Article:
Oh yeah, I suppose I should mention the name change... While we were still in Addis, we asked Manyazewal if he would like an English name, then started down the predetermined list Julie and I had settled on “…like David, or Daniel, or…” We didn’t make it past David before he started jumping up and down laughing with glee, “David? Really? DAVID?? YES DAVID!! ME DAVID!” You have to picture it in your mind with increasing volume and pitch. He was a little excited… We did keep Manyazewal as his middle name, which is good since Mihret still calls him by it now and then.
Anyhow, it’s been some time since we’ve returned, and it is this account of our trip home that has been keeping me, well, blocked. I’ve tried and tried to weave it all together into a nice, neat, well-flowing account, but I’m stumped. But I don’t feel like I can write about anything else until I have faithfully recounted this last bit of the trip, and our experiences (and my thoughts) just keep coming. So here it is, in all its raw, unpolished messiness. I wish I had the pictures to give you a glimpse of these wonderful people. I can see them still in my minds eye, and when I do, I give thanks.
There were the drivers. I know they make their living from shuttling people like us here and there. But each of the three different drivers gave us far more than what we contracted for. It was never just business, never just a fare. They spent extra time talking with us, and, more importantly, talking with David. They explained to him in Amharic what to expect on the trip and in America. They joked with him. They reminded him to mind his mom and dad, to be a good and honorable boy. They blessed us, thanking us not for the patronage, but for the gift we were giving the children.
There was the couple we met at church. They’re from Whidbey Island (in fact, they lived not more than 5 minutes from where I grew up) and had adopted a son from Ethiopia some years ago. They have just moved to Addis Ababa to stay with him for awhile. They shared with us how their son had changed their lives, and how they had gone from being the teachers to the learners as he brought them to live in his culture. Their joy was an encouragement.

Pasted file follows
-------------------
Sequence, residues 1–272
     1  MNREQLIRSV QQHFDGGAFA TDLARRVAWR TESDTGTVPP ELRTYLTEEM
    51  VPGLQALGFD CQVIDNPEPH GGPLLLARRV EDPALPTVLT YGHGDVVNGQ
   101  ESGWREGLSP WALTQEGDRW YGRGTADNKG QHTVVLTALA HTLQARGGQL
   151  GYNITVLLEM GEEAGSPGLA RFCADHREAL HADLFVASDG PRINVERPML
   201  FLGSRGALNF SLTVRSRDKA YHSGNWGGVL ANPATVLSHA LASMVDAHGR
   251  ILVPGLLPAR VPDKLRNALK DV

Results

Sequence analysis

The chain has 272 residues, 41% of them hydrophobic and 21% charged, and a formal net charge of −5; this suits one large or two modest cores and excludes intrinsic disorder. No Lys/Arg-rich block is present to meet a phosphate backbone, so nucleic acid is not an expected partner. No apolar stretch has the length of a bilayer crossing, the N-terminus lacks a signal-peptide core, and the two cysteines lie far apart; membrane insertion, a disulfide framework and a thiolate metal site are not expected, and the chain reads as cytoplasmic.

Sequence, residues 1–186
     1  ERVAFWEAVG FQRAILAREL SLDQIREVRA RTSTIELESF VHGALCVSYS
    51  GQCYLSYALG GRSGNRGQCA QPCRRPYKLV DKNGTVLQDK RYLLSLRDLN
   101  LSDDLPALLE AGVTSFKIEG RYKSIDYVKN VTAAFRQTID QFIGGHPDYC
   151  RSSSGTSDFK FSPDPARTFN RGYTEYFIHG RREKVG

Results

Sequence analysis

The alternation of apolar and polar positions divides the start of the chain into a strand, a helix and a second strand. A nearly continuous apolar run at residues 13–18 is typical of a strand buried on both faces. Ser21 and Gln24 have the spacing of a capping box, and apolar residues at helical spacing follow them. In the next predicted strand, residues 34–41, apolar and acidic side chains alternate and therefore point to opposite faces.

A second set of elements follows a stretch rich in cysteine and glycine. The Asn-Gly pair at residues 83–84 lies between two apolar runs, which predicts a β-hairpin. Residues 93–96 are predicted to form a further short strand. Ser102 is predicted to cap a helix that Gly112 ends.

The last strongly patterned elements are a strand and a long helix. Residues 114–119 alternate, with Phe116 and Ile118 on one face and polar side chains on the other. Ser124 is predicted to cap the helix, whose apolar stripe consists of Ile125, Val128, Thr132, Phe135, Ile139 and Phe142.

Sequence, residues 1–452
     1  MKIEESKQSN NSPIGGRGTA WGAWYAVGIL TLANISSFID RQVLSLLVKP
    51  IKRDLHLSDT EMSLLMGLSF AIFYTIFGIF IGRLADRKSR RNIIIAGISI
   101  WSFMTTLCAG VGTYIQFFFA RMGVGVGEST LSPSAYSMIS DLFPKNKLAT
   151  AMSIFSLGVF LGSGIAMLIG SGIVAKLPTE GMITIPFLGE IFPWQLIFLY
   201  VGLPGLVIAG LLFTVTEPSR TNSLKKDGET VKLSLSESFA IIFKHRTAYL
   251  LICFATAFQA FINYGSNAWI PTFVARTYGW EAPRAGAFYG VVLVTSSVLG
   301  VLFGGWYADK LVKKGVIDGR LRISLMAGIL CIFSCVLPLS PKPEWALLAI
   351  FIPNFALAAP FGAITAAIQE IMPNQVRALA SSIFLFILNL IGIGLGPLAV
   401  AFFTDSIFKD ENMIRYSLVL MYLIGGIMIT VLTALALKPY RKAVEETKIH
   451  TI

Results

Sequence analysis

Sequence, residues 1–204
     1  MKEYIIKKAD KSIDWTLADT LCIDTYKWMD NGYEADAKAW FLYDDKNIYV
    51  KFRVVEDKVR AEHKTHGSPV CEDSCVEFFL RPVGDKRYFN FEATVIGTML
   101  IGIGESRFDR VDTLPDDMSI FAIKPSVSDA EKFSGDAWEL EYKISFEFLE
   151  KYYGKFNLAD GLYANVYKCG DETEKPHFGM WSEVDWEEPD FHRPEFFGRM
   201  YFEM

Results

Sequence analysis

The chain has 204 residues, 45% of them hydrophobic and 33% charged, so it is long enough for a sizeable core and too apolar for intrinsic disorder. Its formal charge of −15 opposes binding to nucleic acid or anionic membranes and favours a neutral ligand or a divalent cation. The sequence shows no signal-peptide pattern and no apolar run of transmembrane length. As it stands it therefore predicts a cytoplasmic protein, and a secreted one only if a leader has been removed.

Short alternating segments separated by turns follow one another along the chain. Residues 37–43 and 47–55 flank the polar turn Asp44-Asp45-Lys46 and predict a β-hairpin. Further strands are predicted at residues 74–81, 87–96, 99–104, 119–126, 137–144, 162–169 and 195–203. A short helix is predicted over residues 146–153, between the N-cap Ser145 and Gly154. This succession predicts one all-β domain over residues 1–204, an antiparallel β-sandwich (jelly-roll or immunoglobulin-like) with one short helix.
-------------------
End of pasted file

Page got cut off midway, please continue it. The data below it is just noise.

Once we had finished packing, we stopped by the orphanage one more time. While I had a mild heart-attack trying to play basketball with some of the boys (Addis Ababa is about 8300ft in elevation) Julie sat and talked with some of the other kids and one of the volunteers. The older kids once again surrounded us and blessed us by blessing our children.
One on one with Haptamu. I had intended on sharing some of my admittedly pitiful knowledge of basketball, but soon found that I needed all my breath just to stay on my feet.
There was the kind couple after us in line at the airport, who held Mihret while we frantically unpacked and repacked our things because the airline officials needed to confiscate Mihret’s Benedryl (even though the signs had all said “up to 4 ounces” were allowed, and Mihret had a visible rash.) They were from Canada, and had new grandchildren adopted from Russia. Every time they saw us in the airports or on the plane they had a ready smile and words of encouragement.